How the pandemic is shaping language 


Patricia B. Mirasol

Pandemic-related words kept in their original English form are now a part of the Filipino language, according to

the Commission on the Filipino Language


Komisyon sa Wikang Filipino

or KWF). The commission also acknowledged that mobilizing people necessitated getting messages across in a language they understand.

“We, the KWF, and other government agencies, initially struggled with words such as ‘PUI’ [person under investigation], ‘frontliner,’ and ‘physical distancing,’” said John Enrico C. Torralba, chief language researcher of KWF’s translation division. “There are no indigenous equivalents for them,” he told


in the vernacular, “so they were retained in their original form.”

Citing Bicol poet and cultural advocate

Victor Dennis T. Nierva

, Mr. Torralba said many individuals who have translated

materials from the Department of Health

into their local languages practiced keeping these technical terms as well.

Institutions like the US Centers for Disease Control and Prevention have similarly retained

medical concepts like “spike protein” (which protrude from the outside of coronaviruses and allow them to infect cells)

in its Filipino-translated resources.

“Medical practitioners, language scholars, and translators need to work together to translate ideas into their respective languages,” said Mr. Torralba, adding that the KWF is developing a registry of technical word translations and building a network of translators. “They also need to be open to modifying translations that aren’t understood by the target audience.”

Public understanding of a concept is an important factor for mobilizing individuals to follow official policy, such as evacuating during a storm.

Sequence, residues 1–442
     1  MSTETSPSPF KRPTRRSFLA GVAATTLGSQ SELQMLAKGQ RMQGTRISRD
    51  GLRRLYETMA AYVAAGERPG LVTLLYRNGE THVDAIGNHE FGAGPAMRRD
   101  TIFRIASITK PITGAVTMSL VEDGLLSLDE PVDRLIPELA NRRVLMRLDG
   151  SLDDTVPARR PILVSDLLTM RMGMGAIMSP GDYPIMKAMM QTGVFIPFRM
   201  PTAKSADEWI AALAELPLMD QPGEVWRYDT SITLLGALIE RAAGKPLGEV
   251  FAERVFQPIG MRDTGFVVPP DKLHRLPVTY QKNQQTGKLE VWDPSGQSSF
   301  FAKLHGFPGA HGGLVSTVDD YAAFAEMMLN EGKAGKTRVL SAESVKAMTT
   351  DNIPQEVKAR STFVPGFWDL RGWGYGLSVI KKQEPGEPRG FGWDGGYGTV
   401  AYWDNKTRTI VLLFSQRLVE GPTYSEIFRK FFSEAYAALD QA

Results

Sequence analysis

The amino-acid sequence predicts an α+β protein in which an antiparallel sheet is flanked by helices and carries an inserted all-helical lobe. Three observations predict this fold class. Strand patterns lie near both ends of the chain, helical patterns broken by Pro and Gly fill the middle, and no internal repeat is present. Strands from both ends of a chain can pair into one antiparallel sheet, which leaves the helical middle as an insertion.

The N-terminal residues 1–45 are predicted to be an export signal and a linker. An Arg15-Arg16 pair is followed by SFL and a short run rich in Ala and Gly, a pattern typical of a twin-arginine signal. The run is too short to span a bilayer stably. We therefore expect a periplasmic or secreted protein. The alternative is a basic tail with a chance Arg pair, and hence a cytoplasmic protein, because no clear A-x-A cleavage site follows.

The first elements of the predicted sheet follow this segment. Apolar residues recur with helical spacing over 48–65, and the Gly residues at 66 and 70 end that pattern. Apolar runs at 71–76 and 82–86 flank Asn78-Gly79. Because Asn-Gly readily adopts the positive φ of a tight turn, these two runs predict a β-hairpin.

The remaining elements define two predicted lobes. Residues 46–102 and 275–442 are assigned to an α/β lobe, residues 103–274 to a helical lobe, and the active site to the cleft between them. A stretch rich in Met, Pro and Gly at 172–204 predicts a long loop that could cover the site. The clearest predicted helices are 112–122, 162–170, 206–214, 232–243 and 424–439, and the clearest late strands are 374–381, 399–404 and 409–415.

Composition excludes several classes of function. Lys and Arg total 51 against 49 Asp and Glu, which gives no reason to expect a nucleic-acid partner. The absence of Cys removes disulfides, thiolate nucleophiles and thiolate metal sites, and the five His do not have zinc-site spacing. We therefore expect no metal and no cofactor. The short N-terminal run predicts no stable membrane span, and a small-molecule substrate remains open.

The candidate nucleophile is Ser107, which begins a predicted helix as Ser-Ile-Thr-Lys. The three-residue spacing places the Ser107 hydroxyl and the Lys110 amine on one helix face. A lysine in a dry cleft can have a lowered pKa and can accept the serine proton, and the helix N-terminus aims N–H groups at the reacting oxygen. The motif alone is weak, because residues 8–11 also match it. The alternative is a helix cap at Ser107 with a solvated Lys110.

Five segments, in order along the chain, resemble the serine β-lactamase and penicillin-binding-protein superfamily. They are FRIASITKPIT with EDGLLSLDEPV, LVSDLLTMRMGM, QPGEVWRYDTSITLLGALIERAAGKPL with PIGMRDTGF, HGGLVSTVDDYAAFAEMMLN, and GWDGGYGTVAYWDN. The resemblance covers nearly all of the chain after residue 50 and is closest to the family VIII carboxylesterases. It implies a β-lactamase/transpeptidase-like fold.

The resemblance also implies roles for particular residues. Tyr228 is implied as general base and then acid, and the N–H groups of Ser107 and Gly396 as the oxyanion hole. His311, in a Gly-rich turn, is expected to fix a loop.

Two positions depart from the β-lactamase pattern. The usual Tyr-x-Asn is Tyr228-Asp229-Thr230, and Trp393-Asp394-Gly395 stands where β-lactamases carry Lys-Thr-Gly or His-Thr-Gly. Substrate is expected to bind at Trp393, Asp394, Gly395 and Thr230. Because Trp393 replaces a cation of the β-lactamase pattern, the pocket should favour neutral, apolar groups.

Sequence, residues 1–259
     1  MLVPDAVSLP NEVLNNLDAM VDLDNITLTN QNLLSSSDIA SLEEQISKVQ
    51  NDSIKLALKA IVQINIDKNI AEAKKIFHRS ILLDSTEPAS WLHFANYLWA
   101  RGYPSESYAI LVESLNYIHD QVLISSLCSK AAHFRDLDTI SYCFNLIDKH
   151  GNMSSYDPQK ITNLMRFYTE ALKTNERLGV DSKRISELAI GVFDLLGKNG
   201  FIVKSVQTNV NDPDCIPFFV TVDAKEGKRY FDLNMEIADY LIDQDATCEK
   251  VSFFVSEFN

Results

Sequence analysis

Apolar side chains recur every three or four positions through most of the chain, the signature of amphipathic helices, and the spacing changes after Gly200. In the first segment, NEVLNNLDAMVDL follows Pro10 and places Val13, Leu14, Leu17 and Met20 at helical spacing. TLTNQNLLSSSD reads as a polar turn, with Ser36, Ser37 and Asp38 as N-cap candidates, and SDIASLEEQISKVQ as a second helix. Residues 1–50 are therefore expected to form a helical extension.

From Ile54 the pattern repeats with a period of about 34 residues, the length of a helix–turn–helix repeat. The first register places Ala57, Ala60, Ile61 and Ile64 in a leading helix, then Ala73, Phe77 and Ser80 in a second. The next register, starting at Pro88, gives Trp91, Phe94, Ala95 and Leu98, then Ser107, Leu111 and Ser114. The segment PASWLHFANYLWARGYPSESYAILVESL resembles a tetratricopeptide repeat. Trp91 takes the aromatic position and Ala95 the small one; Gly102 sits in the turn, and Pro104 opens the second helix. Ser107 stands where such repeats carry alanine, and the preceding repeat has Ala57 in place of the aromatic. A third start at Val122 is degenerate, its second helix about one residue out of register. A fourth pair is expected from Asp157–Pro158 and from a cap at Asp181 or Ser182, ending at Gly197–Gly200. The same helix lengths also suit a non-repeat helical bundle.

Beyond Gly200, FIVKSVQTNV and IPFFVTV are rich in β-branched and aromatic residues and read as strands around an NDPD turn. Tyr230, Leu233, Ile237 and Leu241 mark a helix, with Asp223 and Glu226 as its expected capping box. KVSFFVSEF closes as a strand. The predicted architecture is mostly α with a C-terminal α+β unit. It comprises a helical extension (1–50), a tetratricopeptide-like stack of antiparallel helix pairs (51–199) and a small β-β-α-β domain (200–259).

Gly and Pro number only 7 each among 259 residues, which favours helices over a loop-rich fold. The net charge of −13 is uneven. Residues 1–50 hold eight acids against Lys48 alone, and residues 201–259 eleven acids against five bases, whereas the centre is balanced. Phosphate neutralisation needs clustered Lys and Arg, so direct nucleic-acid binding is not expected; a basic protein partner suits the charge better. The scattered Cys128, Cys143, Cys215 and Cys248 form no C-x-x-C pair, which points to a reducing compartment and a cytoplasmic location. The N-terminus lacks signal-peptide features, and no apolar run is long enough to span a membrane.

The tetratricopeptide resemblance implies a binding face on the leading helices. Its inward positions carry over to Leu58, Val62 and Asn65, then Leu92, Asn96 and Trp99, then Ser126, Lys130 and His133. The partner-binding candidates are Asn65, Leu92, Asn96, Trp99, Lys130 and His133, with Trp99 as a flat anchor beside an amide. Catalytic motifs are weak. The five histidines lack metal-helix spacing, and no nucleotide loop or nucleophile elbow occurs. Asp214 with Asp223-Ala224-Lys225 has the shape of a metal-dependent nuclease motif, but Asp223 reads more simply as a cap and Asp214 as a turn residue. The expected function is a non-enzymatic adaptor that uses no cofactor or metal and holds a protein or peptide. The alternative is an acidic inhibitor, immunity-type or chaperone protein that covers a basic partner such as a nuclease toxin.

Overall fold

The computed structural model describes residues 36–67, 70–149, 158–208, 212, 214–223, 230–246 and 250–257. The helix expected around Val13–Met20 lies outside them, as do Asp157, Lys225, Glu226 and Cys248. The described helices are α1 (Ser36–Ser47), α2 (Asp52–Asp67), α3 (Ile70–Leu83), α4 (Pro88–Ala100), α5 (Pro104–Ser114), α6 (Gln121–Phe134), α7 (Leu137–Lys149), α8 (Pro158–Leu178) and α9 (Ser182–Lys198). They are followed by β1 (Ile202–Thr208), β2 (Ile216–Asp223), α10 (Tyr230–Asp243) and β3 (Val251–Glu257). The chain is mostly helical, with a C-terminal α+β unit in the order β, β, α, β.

This need was highlighted during 2013’s super Typhoon Haiyan, Mr. Torralba told


: “A local citizen said he didn’t understand what a ‘storm surge’ meant. Had the authorities used the word


, he would’ve immediately understood what to do.”

Communicating in international lingua francas or national languages makes marginalized people more vulnerable,

according to the United Nations Office for the Coordination of Humanitarian Affairs


“People need to be more careful [about translations] because people’s lives are at stake,” Mr. Torralba said.


Living languages


Buwan ng Wika

(or Language Month) theme for 2021 is “

Filipino and native tongues in Filipino decolonization

.” The theme promotes the use of native languages to better reflect Filipino perspectives. It is in line with

the 2021 Quincentennial Commemorations in the Philippines

(2021 QCP), which commemorates significant events over the nation’s past 500 years.

According to language resource Ethnologue, there are

183 living languages

spoken in the Philippines, the majority of which are indigenous tongues. The most utilized languages — according to their order of use — are Tagalog, Cebuano, Pangasinan, Bicol, Hiligaynon, Waray, Kapampangan, Maranao, and Maguindanao, said Patrocinio V. Villafuerte, a poet, author, and retired professor,

in an Aug. 12 webinar


Republic Act No. 7104

, which created the KWF, refers to Philippine languages as “the indigenous languages of the Philippines, including the national language and the regional and local languages.”